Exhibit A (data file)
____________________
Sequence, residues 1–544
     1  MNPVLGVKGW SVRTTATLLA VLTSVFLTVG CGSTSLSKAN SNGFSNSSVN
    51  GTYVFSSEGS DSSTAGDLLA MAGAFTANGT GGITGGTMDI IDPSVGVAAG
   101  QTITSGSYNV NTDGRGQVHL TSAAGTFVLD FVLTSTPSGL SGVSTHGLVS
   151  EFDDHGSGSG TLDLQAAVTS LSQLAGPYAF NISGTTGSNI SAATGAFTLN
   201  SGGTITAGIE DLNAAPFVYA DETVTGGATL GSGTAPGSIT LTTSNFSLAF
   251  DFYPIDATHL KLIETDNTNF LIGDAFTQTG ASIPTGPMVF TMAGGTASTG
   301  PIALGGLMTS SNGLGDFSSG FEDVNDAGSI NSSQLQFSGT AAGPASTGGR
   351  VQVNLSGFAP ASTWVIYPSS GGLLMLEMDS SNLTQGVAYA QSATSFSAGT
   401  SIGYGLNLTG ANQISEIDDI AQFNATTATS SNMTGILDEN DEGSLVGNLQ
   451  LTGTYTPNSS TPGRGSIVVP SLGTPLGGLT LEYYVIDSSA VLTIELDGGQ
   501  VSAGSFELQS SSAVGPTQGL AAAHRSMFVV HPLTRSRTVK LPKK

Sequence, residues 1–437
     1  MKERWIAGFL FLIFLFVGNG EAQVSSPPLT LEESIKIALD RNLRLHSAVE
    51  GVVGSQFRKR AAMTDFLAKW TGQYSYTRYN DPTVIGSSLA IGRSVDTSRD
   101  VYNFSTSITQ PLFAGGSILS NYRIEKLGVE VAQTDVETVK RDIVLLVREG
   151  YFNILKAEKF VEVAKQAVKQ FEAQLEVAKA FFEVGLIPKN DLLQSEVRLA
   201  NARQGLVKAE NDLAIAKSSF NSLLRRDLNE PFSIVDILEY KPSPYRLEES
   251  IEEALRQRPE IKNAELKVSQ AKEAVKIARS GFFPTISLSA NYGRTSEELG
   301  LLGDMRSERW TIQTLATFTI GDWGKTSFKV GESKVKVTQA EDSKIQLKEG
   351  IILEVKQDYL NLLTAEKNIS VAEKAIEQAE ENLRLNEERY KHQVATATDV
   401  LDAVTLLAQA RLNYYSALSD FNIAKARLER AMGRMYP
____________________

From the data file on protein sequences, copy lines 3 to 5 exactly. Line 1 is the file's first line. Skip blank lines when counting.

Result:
    51  GTYVFSSEGS DSSTAGDLLA MAGAFTANGT GGITGGTMDI IDPSVGVAAG
   101  QTITSGSYNV NTDGRGQVHL TSAAGTFVLD FVLTSTPSGL SGVSTHGLVS
   151  EFDDHGSGSG TLDLQAAVTS LSQLAGPYAF NISGTTGSNI SAATGAFTLN